I was determined to stand my ground. I
put down my notebook and stared up at the quotes stuck to the ceiling. They
gave me strength I wouldn’t have normally had.
Dad walked in the door. I stared past
That’s another thing. He isn’t all
Katrina-you-horrible-girl. He calls me Kat, something mom has never gotten used
to. That disarmed me when I didn’t want to talk to him. I hated being mad at
him, and it was harder when I had nothing, not even a small thing like use of
my full name, to fuel my anger.
I replied, almost expressionless,
aloof. It was killing me inside, the thought of being cold towards him, but I
had to stand my ground.
“Look, Kat, your mom told me what
“Did she tell you about the part where
she said how she wanted me to be more like the other girls? Did she give you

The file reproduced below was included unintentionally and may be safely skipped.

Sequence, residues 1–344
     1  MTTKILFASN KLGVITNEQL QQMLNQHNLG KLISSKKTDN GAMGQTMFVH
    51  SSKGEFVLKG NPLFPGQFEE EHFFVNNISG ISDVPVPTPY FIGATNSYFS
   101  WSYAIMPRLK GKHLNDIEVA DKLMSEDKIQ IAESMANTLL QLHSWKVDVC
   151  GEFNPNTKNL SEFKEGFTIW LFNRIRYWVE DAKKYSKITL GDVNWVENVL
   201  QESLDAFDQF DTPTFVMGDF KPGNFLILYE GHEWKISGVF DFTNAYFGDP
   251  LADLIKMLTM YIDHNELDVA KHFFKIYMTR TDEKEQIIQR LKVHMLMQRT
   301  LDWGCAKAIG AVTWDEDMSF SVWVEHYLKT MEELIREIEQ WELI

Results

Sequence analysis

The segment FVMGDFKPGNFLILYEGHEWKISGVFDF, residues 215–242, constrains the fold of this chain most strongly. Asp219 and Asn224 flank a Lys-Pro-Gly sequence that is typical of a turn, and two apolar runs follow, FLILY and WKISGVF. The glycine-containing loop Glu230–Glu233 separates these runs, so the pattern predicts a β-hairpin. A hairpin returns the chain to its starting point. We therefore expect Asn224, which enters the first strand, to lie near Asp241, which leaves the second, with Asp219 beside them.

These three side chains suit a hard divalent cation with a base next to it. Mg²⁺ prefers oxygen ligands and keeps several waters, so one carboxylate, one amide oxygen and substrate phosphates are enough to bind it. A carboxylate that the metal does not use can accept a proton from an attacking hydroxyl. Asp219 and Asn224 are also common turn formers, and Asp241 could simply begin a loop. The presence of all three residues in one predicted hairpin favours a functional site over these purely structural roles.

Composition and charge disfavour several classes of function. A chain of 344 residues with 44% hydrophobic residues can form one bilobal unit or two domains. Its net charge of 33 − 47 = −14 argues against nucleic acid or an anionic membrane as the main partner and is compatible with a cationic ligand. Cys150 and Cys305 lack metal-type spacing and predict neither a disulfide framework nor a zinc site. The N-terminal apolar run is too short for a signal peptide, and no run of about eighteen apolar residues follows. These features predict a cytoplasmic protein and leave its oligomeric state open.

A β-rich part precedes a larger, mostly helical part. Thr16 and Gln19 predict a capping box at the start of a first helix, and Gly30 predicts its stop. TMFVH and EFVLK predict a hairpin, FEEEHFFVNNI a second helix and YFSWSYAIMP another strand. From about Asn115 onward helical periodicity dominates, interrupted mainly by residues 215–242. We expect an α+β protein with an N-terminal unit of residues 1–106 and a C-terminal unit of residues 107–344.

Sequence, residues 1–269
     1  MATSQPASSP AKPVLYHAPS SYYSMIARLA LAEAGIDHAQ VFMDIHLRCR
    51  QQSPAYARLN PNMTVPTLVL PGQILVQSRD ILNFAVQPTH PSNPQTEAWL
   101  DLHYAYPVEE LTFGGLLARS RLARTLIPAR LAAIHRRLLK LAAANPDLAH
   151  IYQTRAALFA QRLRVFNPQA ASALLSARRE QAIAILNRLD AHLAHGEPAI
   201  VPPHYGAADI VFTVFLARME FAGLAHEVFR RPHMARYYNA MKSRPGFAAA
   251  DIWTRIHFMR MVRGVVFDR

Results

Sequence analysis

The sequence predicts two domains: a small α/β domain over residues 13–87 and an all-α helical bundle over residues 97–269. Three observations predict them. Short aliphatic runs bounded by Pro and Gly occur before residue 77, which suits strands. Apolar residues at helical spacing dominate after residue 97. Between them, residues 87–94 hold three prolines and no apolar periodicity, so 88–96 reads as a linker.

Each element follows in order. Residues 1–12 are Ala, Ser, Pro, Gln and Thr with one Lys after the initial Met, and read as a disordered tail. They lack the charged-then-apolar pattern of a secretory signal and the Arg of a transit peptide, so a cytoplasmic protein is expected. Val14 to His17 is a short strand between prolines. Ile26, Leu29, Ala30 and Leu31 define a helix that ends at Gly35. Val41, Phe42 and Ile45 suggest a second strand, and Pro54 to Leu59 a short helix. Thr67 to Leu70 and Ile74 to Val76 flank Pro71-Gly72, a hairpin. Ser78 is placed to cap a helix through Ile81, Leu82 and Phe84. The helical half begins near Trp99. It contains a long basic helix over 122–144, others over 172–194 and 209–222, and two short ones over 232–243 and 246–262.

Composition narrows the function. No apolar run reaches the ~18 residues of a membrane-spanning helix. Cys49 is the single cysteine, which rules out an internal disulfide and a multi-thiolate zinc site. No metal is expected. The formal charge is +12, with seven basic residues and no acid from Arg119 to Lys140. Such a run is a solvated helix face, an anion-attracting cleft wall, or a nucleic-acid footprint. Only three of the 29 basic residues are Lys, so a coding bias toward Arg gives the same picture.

the full version of events?”
I asked sharply.
“Kat, your mom is just going through a
hard time. It’s still killing her that Martina and Shaynne are dead.”
Dad said gently.
I looked him right in the eye.
“It’s hard on me as well, you know. It
isn’t just mom who lost people she loved.”
I said coldly, though the flame of my
anger was starting to flicker and burn out. I had to keep it alive, keep it
burning, my anger strong. It was taking all of my concentration to try and get
angry memories to flash into my mind.
Dad was talking again, but I hardly
heard a word. He could tell that I wasn’t listening.
“Come on Kat, just come down for
dinner. Your mom is sorry, I know she is, she’s just going through a rough
patch, the same as all of us. Please.”
I sighed. I didn’t want to give in to
him, but I had to. I was also quite hungry.
“Give me five minutes to finish
I sighed again.
“Thank you Kat.”
He walked away, evidently pleased with
himself. He didn’t like tension of any sort. He and I both knew that mom wasn’t
going to give in and apologise.